These recent cases have all quickly been tracked back to wuauclt.exe (Windows Automatic Update Client),  disabling auto update and killing the active processes of course fixes the problem,  right up until somebody decides to re-enable it,  or attempt to run updates manually — then it’s back with a vengeance.   Then there is the obvious — even though it’s slated to stop receiving updates in a little more than four months, disabling updates is a poor if not stupid solution.

We’ve finally found the fix that is working for nearly every system with this affliction:  http://technet.microsoft.com/en-us/security/bulletin/ms13-097
For the majority,  those with XP 32bit SP3 up to date with IE8 – the direct link hotfix is here http://www.microsoft.com/downloads/details.aspx?familyid=1dbcb79c-bfb8-4e01-8824-8f834a012091

The real question is why Microsoft hasn’t fixed this issue during the last several ‘Patch Tuesdays’ (several have come and gone while this issue has been occurring,  and even since they released this bulletin).   One might conclude they think there might be an advantage to having customers get frustrated with their aging,  about to be deprecated (for updates) systems,  especially at the end-of-the year and holiday buying season. Surely not J   No matter what,  for those with legacy software and hardware (especially in manufacturing) whom will need their XP systems to operate for a long time to come,  the above fix should help bring some life back to your system.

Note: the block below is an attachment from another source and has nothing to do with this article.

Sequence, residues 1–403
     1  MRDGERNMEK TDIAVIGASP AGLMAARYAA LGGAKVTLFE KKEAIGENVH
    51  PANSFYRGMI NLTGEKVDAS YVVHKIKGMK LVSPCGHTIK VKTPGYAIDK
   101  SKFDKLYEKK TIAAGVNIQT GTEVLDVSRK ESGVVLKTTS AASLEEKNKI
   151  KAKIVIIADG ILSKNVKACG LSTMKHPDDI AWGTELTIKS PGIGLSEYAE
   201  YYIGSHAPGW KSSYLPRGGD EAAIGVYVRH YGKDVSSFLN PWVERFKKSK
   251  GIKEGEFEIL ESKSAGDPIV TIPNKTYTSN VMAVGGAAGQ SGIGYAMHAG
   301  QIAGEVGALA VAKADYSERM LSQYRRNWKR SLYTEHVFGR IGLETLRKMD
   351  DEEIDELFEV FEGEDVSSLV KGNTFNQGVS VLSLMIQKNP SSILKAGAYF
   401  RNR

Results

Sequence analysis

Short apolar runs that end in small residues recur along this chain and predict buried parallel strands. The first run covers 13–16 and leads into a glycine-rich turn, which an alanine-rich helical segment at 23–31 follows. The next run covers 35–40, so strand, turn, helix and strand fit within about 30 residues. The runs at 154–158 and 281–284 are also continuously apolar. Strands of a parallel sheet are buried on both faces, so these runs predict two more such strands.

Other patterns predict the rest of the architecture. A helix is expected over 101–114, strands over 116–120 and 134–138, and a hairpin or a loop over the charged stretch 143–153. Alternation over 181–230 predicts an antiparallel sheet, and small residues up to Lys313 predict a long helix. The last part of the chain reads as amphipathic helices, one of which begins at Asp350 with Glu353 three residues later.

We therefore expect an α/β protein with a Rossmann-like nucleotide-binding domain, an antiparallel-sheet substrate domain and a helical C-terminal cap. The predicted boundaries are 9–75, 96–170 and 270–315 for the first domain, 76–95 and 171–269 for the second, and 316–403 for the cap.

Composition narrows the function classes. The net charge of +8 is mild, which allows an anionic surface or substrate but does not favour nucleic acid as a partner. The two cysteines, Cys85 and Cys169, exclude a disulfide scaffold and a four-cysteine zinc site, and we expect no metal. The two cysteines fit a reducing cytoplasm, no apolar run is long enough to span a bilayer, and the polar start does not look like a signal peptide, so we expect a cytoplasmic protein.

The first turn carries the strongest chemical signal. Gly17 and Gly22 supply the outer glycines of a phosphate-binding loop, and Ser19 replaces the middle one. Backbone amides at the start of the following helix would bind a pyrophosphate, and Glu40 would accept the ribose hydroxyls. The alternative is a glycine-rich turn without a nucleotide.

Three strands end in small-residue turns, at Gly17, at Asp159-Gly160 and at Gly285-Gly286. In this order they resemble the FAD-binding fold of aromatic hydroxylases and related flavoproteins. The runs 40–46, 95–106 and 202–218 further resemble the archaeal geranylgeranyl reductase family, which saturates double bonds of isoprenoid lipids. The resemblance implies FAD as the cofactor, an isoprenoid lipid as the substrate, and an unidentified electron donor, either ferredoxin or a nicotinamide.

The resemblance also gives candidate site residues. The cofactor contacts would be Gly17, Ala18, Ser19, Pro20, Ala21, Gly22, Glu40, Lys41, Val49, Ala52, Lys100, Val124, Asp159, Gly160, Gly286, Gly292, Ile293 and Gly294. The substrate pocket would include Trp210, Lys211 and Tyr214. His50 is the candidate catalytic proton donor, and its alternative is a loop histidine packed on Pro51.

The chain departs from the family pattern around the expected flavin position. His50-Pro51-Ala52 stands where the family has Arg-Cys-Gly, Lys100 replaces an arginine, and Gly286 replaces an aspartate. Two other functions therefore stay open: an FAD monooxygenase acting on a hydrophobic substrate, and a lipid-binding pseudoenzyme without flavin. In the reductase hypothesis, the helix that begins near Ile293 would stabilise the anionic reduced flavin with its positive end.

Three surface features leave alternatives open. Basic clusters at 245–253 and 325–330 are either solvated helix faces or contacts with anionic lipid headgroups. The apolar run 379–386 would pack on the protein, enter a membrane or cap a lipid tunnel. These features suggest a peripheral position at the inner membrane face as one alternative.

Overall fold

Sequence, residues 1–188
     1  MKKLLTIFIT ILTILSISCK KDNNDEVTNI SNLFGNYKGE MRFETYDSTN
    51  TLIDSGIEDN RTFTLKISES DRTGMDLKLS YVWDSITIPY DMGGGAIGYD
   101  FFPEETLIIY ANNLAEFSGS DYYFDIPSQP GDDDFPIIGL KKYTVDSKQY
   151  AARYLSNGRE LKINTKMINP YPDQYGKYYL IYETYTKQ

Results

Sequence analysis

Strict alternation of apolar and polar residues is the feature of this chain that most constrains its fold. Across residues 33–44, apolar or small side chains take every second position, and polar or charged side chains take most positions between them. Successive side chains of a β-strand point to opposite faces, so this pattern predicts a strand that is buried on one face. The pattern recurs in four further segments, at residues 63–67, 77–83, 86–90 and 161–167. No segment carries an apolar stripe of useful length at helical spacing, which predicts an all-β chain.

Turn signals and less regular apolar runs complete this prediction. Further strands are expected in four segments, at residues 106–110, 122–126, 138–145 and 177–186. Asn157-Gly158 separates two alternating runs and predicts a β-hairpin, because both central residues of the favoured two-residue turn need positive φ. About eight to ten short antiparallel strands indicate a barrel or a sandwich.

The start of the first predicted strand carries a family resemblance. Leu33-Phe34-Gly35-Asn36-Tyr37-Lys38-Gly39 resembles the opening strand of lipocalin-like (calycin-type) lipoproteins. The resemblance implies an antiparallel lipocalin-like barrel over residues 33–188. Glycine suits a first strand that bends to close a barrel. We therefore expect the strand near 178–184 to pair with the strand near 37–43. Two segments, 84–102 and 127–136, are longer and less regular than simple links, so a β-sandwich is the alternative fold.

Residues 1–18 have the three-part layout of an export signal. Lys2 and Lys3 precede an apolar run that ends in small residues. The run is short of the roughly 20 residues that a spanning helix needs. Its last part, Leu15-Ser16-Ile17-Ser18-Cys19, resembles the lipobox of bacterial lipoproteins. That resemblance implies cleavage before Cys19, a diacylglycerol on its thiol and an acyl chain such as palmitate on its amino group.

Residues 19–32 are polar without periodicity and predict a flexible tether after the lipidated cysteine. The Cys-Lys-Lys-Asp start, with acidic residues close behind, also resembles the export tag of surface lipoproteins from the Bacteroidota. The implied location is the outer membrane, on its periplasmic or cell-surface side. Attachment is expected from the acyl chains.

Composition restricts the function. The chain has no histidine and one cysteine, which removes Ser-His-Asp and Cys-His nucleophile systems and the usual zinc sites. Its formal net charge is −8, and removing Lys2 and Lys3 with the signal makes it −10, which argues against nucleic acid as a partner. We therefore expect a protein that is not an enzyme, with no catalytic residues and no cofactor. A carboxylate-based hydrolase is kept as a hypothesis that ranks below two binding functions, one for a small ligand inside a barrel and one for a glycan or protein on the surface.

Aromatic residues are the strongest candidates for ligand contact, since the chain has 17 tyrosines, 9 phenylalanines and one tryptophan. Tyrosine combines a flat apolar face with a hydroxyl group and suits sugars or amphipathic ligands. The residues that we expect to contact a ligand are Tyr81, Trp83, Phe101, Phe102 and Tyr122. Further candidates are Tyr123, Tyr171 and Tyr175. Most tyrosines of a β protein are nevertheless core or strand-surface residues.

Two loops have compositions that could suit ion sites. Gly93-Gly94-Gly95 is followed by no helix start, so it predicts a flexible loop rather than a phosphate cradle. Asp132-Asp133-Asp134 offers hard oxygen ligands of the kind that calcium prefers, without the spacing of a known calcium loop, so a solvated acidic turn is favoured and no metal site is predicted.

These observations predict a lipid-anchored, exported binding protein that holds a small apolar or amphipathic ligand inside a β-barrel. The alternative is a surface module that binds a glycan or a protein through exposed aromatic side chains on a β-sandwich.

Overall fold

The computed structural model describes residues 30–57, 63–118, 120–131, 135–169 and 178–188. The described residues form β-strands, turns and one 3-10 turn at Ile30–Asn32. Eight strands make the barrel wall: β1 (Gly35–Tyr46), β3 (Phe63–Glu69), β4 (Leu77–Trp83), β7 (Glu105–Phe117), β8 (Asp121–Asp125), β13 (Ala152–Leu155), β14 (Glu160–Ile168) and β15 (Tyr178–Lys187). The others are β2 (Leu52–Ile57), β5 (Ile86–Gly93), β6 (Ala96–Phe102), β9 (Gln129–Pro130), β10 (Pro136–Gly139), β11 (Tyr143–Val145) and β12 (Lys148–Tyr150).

Brady Tucker
ITSS